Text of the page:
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Building NZ’s reputation as a leader in food safety in China

Building NZ’s reputation as a leader in food safety in China


BEIJING, 10 November 2014 – New Zealand Government owned AsureQuality and PwC’s New Zealand and China firms are cooperating with COFCO, China’s largest agricultural and food products supplier, to continually improve China’s food safety and quality. All four parties signed a cooperation agreement to that effect on the side-lines of the 2014 Asia Pacific Economic Cooperation Summit in Beijing, China today.

Drawing on leading New Zealand and international food and agricultural models, the agreement formalises areas where AsureQuality and PwC will support COFCO in embedding best practice in food safety and quality across the food and agriculture industries.

PwC Asia Pacific Chairman Silas Yang, who witnessed today’s signing in the presence of New Zealand Prime Minister John Key, says: “The goal of APEC is to support sustainable economic growth, encourage prosperity through economic and technical cooperation and to enhance human security in the Asia Pacific region - this cooperation is a shining example of this. Together, AsureQuality, PwC New Zealand and PwC China intend to introduce international good practice in food safety and quality to China, and thereby, contribute to the sustainable development of the country’s food sector.”

The significance of this agreement shows China and COFCO’s commitment to continue improving trust in the safety and quality of China’s food as COFCO becomes a key player in the global agricultural industry within China’s unique situation, where demand has flowed from the country’s rapid social advancements and urbanisation of its people.

“As China’s biggest integrated food and agricultural products supplier, we have a responsibility to ensure trust in China’s food safety and quality – and we have a strong platform on which to do just that. We believe this cooperation with PwC and AsureQuality will help us achieve that goal,” says Frank Ning, Chairman, COFCO.

“The growing affluence of China’s urbanised consumers and its middle classes are changing food demand dynamics and creating greater expectations not just of safety, but of quality, choice and provenance. The food bar in China is rising ever higher and increasing China’s reliance on premium imported foods as its people demand the best,” says AsureQuality Chief Executive John McKay. “We commend COFCO’s commitment to become an internationally recognised best practice leader in the food and agriculture industries. This will enhance COFCO’s reputation and the reputation of New Zealand as a leader in food safety and quality practices.”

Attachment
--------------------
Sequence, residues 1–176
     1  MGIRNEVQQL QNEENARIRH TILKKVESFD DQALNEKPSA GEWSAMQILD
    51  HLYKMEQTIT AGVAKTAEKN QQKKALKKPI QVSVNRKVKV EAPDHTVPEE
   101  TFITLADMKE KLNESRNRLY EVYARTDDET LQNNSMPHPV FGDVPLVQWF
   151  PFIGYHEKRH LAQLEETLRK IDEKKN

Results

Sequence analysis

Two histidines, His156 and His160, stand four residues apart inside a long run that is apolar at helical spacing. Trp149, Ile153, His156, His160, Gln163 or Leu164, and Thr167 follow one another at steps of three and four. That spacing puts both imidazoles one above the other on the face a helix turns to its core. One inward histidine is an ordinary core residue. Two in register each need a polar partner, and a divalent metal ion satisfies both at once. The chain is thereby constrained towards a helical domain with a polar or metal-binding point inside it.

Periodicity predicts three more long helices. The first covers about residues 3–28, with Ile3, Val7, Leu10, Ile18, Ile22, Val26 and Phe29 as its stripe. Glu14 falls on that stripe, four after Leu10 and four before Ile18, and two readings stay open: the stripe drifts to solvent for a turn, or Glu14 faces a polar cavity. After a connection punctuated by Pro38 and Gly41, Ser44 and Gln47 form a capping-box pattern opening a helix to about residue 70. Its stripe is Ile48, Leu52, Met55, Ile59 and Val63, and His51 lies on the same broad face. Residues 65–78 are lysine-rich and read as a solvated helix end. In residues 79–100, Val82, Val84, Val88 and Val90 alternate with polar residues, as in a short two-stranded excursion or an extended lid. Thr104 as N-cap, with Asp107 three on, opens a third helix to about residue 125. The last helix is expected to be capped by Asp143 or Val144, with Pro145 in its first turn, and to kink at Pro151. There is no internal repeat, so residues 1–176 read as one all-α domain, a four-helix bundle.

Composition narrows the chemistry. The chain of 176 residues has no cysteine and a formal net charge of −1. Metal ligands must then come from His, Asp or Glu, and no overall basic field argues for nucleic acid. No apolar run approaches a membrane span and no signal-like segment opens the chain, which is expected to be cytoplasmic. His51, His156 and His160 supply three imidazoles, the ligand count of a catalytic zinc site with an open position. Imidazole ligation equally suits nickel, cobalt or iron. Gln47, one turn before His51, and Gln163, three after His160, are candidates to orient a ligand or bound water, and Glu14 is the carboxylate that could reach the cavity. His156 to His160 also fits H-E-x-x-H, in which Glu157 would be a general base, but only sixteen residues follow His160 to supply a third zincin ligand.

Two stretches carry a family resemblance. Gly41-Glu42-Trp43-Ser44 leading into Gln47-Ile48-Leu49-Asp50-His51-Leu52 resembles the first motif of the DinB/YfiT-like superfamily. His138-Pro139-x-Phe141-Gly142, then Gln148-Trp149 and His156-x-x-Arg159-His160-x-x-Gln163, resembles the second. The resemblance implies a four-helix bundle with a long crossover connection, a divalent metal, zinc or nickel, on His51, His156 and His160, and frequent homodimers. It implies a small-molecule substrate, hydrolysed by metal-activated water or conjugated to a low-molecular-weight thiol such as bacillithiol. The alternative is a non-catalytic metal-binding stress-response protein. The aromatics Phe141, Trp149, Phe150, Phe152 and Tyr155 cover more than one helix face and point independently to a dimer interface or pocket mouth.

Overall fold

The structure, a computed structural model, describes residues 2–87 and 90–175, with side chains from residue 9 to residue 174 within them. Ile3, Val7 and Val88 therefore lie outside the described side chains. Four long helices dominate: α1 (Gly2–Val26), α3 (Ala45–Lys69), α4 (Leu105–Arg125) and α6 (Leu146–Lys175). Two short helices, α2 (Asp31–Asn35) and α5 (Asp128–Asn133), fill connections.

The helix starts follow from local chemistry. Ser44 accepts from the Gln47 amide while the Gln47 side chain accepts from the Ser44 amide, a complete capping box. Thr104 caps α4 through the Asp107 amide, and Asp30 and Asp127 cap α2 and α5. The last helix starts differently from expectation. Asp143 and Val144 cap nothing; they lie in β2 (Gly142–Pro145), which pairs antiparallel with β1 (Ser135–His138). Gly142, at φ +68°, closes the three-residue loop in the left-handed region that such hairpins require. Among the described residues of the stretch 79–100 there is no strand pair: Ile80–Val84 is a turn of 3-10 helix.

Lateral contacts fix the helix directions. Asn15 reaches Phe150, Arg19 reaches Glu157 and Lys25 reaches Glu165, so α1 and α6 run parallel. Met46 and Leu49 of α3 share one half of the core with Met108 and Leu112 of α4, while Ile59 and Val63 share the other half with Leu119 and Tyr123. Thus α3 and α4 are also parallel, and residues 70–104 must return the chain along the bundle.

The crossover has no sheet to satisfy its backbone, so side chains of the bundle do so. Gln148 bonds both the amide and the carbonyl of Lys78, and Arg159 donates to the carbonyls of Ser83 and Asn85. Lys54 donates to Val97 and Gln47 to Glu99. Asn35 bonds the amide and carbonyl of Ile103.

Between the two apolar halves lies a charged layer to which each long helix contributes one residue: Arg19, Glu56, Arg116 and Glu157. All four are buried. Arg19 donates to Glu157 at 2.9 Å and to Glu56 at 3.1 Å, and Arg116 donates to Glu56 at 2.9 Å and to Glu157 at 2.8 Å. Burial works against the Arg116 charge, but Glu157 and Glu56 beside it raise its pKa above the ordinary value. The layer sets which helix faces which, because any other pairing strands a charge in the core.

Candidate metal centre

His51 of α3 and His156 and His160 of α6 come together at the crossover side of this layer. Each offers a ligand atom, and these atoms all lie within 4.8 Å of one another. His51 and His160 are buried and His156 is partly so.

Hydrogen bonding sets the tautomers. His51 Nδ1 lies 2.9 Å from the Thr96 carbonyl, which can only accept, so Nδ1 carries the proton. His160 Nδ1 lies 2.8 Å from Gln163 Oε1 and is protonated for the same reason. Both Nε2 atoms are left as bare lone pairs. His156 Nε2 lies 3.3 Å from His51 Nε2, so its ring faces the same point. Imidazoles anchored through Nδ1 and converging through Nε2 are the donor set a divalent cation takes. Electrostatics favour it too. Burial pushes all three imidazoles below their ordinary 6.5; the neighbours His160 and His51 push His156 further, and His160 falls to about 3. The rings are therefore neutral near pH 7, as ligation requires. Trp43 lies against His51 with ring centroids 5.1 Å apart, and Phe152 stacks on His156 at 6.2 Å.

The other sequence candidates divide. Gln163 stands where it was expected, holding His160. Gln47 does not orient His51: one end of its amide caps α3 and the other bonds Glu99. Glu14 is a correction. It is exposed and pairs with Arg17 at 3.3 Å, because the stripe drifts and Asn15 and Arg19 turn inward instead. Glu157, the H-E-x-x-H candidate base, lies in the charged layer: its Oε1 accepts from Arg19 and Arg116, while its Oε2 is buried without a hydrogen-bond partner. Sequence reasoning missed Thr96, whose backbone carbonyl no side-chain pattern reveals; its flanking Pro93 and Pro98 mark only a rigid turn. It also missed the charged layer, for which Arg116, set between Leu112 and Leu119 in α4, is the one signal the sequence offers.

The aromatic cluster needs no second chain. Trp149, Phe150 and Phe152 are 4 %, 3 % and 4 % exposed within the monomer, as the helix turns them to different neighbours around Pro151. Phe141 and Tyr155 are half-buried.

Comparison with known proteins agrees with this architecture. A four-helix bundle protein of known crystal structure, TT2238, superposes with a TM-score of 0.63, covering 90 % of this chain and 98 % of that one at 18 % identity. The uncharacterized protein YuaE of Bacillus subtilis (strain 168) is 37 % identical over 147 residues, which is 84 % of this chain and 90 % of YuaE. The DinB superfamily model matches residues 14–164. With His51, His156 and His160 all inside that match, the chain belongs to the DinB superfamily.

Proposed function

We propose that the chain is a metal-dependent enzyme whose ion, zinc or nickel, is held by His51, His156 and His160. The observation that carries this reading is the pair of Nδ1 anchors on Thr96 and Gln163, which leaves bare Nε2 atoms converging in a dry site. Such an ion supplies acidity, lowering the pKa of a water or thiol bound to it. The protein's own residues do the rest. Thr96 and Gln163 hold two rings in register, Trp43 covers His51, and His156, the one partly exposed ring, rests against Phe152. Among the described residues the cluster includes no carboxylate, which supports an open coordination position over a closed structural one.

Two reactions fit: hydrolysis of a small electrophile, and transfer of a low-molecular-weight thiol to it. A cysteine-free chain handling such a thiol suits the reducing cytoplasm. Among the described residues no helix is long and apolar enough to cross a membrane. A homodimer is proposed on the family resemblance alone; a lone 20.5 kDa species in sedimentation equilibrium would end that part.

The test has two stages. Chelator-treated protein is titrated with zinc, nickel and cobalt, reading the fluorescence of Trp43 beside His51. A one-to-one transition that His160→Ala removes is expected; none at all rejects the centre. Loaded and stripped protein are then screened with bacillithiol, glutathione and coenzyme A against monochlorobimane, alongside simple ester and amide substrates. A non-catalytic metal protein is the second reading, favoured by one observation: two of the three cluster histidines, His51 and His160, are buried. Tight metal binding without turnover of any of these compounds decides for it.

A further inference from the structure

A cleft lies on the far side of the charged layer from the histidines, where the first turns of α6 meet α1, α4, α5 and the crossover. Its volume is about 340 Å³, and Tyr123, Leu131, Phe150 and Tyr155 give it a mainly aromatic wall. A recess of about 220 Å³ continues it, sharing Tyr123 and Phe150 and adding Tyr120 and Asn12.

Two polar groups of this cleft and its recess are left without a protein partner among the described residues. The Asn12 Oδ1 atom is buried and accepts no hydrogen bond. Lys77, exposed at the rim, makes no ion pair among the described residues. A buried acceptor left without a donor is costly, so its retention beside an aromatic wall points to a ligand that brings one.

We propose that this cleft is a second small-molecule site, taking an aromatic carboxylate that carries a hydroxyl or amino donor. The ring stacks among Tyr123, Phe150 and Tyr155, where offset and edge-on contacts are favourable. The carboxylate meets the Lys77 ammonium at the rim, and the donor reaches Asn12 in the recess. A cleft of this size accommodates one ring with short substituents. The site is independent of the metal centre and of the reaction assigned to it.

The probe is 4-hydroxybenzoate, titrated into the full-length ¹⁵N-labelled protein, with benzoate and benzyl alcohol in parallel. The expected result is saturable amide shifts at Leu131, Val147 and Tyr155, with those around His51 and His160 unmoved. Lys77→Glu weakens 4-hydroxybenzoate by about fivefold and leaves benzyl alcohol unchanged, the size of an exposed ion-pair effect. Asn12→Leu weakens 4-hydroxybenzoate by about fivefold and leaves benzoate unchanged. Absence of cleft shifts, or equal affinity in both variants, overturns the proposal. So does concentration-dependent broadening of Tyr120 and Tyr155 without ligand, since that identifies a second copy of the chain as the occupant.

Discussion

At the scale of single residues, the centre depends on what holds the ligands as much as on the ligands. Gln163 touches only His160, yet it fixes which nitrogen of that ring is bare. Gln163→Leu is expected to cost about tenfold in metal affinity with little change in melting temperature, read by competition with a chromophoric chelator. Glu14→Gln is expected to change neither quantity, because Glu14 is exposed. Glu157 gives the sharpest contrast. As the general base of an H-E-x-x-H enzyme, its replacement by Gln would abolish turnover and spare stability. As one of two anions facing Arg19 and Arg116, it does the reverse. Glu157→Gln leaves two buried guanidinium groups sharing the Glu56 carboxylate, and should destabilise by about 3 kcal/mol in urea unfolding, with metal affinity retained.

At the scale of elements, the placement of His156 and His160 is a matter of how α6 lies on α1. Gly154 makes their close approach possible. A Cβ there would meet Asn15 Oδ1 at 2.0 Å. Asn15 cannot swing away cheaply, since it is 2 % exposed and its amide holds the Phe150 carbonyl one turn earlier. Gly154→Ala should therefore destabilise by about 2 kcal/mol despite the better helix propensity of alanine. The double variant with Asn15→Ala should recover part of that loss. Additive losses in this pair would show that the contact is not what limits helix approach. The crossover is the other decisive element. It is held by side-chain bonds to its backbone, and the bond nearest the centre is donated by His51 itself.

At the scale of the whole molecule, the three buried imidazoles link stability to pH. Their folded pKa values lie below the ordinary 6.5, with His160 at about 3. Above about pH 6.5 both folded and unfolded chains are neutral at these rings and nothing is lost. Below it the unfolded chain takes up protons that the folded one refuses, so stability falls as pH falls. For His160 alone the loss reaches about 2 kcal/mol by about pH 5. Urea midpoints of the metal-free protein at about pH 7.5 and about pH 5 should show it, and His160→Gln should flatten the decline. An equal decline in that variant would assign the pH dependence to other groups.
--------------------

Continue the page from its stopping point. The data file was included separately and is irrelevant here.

PwC Global Agribusiness Leader Craig Armitage says, “This important relationship demonstrates our combined ability to build trust in society by marrying industry expertise and experience, government-to-government support and the resources of one of China’s biggest food companies. It will support COFCO in giving the people of China confidence that the food they eat and feed to their families meets the highest international standards of safety and quality.”

Mr Armitage says food trust is not just an issue affecting China; it’s a growing concern around the world as people trust less and demand greater confidence in their food.

“Globalisation, regulatory change, resource scarcity and food fraud are just some of the issues our government, food and agricultural clients are facing, in China and elsewhere. Suppliers are facing downward cost pressures and thus risks throughout the supply chain are increased.”

According to PwC’s 2014 APEC Survey, uncertainty around regulations guiding cross-border physical and virtual trade is creating more and more of a ‘tax’ on this increasingly vibrant economic arena, with a more complex production chain evolving.

“The faster barriers can be lowered, the faster economies can grow. Reductions in tariffs help, but businesses are looking for more clarity and consistency in product labelling and data sharing. Pressure is building on businesses to get their products to customers as quickly as possible and in an age where raw materials and semi-finished products are exported and imported many times over before a product is finished.

“We are here to address barriers by providing certainty from the farm to the consumer, building trust and ensuring the safety and quality of food consumed daily by millions of people,” concludes Mr Armitage.

Ends

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